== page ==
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“We may be quite sure that Christ-centeredness and Christ-likeness will never be attained by our own unaided efforts. How can self drive out self? We could as well expect Satan to drive out Satan. We’re not interested in skin-deep holiness and a merely external resemblance to Jesus Christ. We’re not satisfied by a superficial modification of behavior patterns in conformity to some Christian subculture which expects this, commands that, and prohibits the other. No, what we long for is a deep inward change of character resulting from a change of nature and leading to a radical change of conduct. In a word, we want to be like Christ, and that thoroughly, profoundly, entirely. Nothing less than that will do.”

Robert Millet  |  1992 CES Symposium at BYU

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Joseph Smith Portrait

I told them I was but a man, and they must not expect me to be perfect; if they expected perfection from me, I should expect it from them; but if they would bear with my infirmities and the infirmities of the brethren, I would likewise bear with their infirmities.

Joseph Smith  |  History of the Church of Jesus Christ of Latter-Day Saints, Volume 5, Page 181

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“I know that those who use the cliche about the gospel being more “true” than the Church want the term gospel to mean a perfect system of revealed commandments based in principles that infallibly express the natural laws of the universe. But even revelation is, in fact, merely the best understanding the Lord can give us of those things. And, as God himself has clearly insisted, that understanding is far from perfect. He re­minds us, in the first section of the Doctrine and Covenants, “Behold, I am God and have spoken it; these commandments are of me, and were given unto my servants in their weakness, after the manner of their language, that they might come to understanding. And inasmuch as they erred it might be made known” (D&C 1:24-25). This is a remarkably complete and sobering inventory of the problems involved in putting God’s knowledge of the universe into human language and then having it understood. It should make us careful about claiming too much for “the gospel,” which is not the perfect principles or natural laws themselves—or God’s perfect knowledge of those things—but is merely the closest approximation that in­spired but limited mortals can receive.”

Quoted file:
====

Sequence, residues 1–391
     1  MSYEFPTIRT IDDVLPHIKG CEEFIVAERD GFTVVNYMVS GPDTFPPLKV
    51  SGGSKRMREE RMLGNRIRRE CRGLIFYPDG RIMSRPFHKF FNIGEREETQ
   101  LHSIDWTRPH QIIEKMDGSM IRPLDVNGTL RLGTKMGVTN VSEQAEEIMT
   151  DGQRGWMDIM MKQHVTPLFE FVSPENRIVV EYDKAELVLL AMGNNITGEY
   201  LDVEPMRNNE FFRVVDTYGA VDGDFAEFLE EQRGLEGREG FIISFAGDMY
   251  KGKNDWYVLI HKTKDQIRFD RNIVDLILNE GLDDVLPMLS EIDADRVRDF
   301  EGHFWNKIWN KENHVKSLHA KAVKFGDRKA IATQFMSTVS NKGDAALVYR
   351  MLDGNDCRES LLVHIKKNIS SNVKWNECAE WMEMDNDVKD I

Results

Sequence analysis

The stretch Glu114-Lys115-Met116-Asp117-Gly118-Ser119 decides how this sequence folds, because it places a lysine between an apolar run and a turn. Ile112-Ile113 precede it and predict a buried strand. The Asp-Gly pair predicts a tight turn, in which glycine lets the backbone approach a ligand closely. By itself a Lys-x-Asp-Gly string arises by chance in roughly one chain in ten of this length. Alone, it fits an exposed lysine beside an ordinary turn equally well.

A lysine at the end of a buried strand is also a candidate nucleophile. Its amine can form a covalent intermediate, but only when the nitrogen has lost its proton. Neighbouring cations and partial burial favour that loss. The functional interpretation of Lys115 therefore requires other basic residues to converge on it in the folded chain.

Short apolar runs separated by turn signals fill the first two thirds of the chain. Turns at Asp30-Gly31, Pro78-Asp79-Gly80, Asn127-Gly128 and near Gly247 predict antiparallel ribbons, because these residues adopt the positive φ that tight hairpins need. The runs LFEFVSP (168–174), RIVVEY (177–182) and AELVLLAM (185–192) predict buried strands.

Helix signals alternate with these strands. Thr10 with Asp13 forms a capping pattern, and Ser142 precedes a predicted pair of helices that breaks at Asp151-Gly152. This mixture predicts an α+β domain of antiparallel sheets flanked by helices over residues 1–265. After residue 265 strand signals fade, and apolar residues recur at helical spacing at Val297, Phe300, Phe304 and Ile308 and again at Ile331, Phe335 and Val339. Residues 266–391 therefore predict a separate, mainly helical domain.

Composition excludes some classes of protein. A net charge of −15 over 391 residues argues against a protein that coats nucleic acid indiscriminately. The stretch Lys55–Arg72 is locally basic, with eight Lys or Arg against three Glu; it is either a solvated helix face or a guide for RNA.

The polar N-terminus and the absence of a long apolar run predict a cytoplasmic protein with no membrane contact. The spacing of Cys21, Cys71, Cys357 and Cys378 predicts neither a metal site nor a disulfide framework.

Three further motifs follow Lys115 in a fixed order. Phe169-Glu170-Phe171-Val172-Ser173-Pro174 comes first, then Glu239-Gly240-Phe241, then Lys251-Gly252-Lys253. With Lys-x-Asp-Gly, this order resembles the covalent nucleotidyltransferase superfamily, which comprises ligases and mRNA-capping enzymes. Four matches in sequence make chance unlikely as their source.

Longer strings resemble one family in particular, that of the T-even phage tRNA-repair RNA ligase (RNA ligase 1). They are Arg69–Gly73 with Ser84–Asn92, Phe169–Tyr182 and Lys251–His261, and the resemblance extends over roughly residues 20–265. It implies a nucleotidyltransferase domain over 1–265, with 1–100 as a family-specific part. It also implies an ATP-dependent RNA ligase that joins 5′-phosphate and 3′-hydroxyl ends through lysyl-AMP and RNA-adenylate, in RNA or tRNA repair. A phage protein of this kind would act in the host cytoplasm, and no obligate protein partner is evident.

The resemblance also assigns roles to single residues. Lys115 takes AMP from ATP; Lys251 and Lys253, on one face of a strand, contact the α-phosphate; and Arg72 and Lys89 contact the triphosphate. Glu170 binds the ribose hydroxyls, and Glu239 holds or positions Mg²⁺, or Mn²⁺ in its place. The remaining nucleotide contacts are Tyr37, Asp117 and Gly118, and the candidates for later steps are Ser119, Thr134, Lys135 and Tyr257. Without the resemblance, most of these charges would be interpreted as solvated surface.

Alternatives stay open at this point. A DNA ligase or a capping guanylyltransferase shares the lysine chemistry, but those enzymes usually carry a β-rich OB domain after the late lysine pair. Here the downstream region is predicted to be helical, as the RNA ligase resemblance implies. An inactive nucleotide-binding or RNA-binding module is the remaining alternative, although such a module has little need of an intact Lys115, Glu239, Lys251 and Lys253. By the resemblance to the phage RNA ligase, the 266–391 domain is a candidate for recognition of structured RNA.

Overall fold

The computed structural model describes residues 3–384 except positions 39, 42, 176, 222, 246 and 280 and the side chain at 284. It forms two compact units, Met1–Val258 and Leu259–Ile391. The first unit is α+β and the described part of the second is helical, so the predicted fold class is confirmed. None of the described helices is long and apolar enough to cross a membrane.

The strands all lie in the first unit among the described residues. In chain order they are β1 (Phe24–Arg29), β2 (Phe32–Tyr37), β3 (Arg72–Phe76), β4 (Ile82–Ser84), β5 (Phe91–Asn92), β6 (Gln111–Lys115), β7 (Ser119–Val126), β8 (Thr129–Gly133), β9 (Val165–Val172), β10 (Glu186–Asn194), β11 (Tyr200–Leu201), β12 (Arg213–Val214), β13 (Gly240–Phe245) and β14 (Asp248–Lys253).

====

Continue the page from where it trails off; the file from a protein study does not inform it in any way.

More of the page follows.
Eugene English  |  Why the Church Is As True As the Gospel

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Spencer W. Kimball Portrait

“Our vision is completely obscured when we have no mirror to hold up to our own faults and look only for the foibles of others. When we follow the instructions of the Lord, we are kept so busy perfecting ourselves that we come to realize that the faults of others are small in comparison.”

Spencer W. Kimball  |  The Miracle of Forgiveness

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Elder Dieter F. Uchtdorf

“Let’s be honest; it’s rather easy to be busy. We all can think up a list of tasks that will overwhelm our schedules. Some might even think that their self-worth depends on the length of their to-do list. They flood the open spaces in their time with lists of meetings and minutia—even during times of stress and fatigue. Because they unnecessarily complicate their lives, they often feel increased frustration, diminished joy, and too little sense of meaning in their lives.”

Elder Dieter F. Uchtdorf  |  Of Things That Matter Most